How to say Lucky in Japanese – AIUEO Blog!

This week’s author is Kambara Sensei – Ms. Kambara loves to travel and in addition to teaching Japanese at Coto Academy has her own tour company that rents camper vans to Tourists in Japan.

Posted by on February 13, 2018 – Article in Japanese

How to say Lucky in Japanese – 運(うん)がいい  - あいうえおブログ「う」


Has anyone found themselves thinking “I’m lucky!” lately?

In Japanese, lucky is “運(うん)がいい”、”ついている”. そのまま、ラッキーとも言いますね。




As many times as I can manage, every weekend I like to go on driving trips to various spots. And, I suppose it was this past autumn when I went to a rural part of Gunma, that I ran into an old man, who, out of the blue, just gave me a chestnut.

Apparently he had picked it up in the mountains somewhere. From there, we made some small talk, and he asked things like “Where are you from?”, just on the spot. I also got a chance to ask about the area, what I should go see; a few good bits of information.

It took me by surprise, but after receiving such a nice gift, I thought to myself: “Today is my lucky day.”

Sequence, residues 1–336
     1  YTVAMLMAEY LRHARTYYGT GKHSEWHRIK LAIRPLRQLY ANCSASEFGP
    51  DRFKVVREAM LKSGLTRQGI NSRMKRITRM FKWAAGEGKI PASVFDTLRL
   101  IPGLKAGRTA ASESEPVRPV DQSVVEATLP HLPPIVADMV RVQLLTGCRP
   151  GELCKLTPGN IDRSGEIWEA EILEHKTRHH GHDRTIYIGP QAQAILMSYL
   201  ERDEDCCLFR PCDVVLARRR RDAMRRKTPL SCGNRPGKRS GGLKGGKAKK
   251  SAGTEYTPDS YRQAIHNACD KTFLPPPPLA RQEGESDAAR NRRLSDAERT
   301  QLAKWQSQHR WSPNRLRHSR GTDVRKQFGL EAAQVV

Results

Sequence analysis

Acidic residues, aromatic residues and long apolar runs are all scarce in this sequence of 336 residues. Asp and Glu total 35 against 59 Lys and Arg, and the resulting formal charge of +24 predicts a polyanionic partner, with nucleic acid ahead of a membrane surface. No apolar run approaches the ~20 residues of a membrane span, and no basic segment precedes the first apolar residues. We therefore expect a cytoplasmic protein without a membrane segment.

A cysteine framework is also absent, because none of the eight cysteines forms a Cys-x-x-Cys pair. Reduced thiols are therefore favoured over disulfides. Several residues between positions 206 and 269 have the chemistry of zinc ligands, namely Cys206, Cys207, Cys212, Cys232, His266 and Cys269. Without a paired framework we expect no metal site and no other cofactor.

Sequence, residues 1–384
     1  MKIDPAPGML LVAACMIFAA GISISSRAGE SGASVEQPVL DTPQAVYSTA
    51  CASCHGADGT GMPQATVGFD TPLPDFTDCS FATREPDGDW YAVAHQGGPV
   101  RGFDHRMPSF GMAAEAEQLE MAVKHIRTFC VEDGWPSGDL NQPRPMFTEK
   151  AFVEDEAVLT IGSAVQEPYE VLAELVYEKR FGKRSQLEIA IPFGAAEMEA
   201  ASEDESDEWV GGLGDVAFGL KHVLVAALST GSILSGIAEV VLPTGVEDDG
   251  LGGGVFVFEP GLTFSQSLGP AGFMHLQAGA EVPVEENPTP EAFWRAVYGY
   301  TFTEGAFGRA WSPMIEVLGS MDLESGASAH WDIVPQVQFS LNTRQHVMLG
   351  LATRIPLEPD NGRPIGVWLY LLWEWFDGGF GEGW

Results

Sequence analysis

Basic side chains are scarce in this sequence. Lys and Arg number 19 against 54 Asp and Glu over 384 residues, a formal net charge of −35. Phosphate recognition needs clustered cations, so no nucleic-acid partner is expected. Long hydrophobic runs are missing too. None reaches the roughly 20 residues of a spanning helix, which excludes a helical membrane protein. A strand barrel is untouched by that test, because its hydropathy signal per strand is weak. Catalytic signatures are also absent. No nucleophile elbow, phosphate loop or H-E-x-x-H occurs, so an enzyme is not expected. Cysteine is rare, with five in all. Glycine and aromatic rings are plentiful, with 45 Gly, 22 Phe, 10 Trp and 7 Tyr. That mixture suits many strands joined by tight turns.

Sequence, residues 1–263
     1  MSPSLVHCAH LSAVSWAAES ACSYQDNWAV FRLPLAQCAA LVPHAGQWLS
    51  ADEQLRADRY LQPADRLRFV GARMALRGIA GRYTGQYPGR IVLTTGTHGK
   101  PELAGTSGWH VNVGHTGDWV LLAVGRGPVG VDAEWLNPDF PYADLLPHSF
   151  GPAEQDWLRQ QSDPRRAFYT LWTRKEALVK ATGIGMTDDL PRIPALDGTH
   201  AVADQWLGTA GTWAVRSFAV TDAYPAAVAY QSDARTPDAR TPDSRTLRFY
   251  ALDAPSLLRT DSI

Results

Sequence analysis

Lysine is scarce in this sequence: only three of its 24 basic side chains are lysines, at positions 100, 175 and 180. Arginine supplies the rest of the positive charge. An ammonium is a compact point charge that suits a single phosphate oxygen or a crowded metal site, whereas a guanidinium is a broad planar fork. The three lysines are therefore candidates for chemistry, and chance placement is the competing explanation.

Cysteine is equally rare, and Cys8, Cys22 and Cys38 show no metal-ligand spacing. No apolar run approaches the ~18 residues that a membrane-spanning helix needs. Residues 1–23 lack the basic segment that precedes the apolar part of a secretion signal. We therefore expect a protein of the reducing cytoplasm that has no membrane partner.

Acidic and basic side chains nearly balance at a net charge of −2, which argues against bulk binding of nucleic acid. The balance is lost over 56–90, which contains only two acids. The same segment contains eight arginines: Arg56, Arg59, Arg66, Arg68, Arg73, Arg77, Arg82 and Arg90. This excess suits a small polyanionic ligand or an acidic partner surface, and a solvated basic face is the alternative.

And just like this, when something good happens that you weren’t expecting, or when, even by coincidence, you easily obtain some information or an item you wanted, I think it makes you feel like you’ve got good luck, or that things are going your way.

For example, even in taking a test, there are times when you feel like you might have passed because the questions were easy, or because it just so happened to line up with the topics you were good at, despite having felt like your own ability wasn’t up to it.

In Japanese, there’s a saying that goes “Luck is a part of one’s ability.” It refers to the idea that while “luck” is supposed to revolve around chance, it is also something that you can obtain through your actions and ways of thinking. Essentially, when your luck is good, it’s not a coincidence, but a matter of your ability.

When it comes to “luck” for travelling, looking up information in guide books or online is fine, but there’s nothing better than asking the locals directly what they recommend.

So just how should you go about asking them?
What would you do if you were going to ask this sort of question?

Whenever I go on a trip, and I find a local person walking around, I say something like “Hello. I’m from Tokyo. Can you tell me a little about the area?” or “Where do you typically hang out?”

These are magic words, in a way. When you find some tasty food or wonderful place only the locals know, you’ll find yourself thinking “It’s my lucky day” too.

I also happen to operate a camper van rental business, so feel free to ask me anything on the subject!
If you take a trip to these places that are hard to get to by regular train or shinkansen, you can chat with local Japanese people, and experience a lot of what the area has to offer!

Yuka Kambara

Road Trip Japan(English↓)